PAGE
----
• Daily walk to a green space
    • I never realized how good the air smells outside. Every time I step outside for my once-a-day walk, I just sit for a minute inhaling the air and appreciating it. I am super fortunate to live in Vancouver where the weather has been pretty glorious of late. (Apologies to all my friends and family in the rest of Canada…this is all I will say about the weather, I promise).
  • Routine
    • Routine has been key. This past weekend was tough! Four days with no structure was not good for me. Routine, routine, routine.
  • Giving myself a break if I just don’t feel like it
    • When this all started, everyone talked about how productive we would all be with all this time on our hands. What they didn’t talk about was the fact that anxiety eats at creativity and desire to be productive. I have learned over the past few weeks is that it’s ok to cut myself some slack. It’s ok if I fall short of my goals right now. It’s really hard for me to give myself a break, but I am going to take the lesson that this time is teaching me. Seems like the Washington Post agrees with me, so that’s good.
  • Writing when I do feel like it and finding the joy in it
    • It’s taken about a month for me to feel a desire to do anything beyond the necessary but this weekend I finally found the urge to write and I worked on a screenplay project that I have been writing for a few months. I was able to find the joy in it again. This was huge!
  • Checking in on friends and family
    • I don’t have children or pets so I don’t have much outside of myself to consider during these times. But I have found that thinking about looking after my friends has been hugely helpful. I have found great solace in checking in with my friends and family. The sense of “we’re all in this together” shines through most when I am talking to them and they help to give me perspective.
  • Article Club with my team
    • I have been enjoying the weekly Article Club that I have estabilshed with my team at work. We pick an article every week and then have a discussion about it at the end of the week. Not only is it helpful for our work, but it gives us some structured social time. I miss these folks so it is nice to see them and chat archives at the end of the week.
  • Brooklyn 99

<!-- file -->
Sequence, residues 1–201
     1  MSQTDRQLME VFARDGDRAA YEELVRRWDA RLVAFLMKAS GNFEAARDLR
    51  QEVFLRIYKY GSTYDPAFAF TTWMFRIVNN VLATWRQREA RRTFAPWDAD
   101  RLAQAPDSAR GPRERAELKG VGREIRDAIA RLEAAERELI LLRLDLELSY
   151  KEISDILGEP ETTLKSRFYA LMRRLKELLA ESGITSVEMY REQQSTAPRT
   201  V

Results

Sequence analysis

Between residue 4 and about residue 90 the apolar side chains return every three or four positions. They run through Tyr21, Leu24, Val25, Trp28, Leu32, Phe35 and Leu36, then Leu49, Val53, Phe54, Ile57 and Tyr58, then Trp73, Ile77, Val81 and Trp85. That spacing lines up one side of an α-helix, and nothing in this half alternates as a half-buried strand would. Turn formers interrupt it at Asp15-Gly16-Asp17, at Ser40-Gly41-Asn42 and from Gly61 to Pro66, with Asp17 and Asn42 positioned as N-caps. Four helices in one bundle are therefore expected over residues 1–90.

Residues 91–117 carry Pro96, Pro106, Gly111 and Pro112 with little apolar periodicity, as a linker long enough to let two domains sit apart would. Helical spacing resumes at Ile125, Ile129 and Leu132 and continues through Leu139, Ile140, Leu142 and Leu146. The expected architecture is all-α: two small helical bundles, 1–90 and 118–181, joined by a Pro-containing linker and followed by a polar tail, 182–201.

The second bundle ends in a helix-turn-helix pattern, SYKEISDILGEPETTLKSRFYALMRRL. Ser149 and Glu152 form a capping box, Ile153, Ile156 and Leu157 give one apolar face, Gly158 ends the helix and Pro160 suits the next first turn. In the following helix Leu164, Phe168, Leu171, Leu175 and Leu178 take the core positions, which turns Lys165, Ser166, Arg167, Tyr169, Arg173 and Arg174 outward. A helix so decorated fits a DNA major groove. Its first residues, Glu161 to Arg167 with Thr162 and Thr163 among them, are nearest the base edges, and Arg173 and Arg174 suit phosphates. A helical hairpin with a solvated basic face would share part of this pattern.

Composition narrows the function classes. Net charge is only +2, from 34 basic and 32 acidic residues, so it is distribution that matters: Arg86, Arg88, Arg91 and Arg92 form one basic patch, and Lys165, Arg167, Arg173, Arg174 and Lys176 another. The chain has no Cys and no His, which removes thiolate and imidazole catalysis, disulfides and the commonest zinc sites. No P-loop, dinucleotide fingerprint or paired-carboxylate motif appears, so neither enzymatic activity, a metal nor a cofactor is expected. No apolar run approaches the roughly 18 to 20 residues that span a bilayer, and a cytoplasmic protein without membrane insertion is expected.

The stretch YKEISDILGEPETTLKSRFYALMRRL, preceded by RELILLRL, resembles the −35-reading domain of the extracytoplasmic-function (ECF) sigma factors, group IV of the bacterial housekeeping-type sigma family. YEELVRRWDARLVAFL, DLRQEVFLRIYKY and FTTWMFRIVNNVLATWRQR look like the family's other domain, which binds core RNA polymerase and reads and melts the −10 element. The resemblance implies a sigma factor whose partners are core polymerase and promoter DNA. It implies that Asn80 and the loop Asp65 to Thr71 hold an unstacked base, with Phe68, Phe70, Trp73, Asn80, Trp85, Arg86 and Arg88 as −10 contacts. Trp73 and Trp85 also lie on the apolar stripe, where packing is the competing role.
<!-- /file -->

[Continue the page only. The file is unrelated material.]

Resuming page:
• Captain Holt has been getting me through these tough times. It may be a third watch of the entire series, but it makes me happy so I am not questioning it. 99!

Documentation Projects

I started out keeping up an ongoing list of documentation projects starting on Monday April 6th. By the end of the week, the list was enormous and frankly, a bit overwhelming. While gathering for this blog post I found myself getting that frantic feeling I get when the amount of information to capture is so vast and I am rushing to capture it all. True to form, archivists and heritage professionals want to document. We need to document. It’s in our blood. But I decided that I needed to be less stressed out about it. There are hundreds of projects underway so I can’t possibly mention them all – but here are some that I have found over the past two weeks:

  • COVID-19: Ethical Contemporary Collecting
    • A Slack Channel for discussing COVID-19 collecting was created on April 6th. At this point it has over 160 members. There are a lot of interesting discussions happening on the channel and I would encourage people to check it out. Follow this link to join.
  •  What to do during covid-19? A list for archivists
    • This is a good list that is being updated regularly. It provides links to ongoing documentation projects as well as webinars, courses, and readings:
  • The Society of American Archivists has released a resource kit for documenting in times of crisis.
  • The IIPC (International Internet Preservation Consortium) has created a map that shows all of the institutions with ongoing COVID-19 collecting initiatives
  • The New York Times is reporting about COVID-19 collecting practices…you know things are intense when major publications talk about the heritage sector. But I’ll take it!